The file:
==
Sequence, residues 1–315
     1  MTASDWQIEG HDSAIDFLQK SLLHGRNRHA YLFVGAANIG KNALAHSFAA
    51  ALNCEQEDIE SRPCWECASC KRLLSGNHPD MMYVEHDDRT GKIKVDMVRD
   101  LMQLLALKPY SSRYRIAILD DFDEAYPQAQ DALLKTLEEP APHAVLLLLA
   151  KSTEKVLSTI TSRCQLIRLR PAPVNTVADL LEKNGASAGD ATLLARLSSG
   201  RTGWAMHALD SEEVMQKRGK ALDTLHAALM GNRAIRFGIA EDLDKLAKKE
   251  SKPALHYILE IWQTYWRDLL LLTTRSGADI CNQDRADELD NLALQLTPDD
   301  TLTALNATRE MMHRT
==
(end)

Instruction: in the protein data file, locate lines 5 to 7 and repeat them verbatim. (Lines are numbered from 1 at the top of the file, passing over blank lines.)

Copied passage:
   151  KSTEKVLSTI TSRCQLIRLR PAPVNTVADL LEKNGASAGD ATLLARLSSG
   201  RTGWAMHALD SEEVMQKRGK ALDTLHAALM GNRAIRFGIA EDLDKLAKKE
   251  SKPALHYILE IWQTYWRDLL LLTTRSGADI CNQDRADELD NLALQLTPDD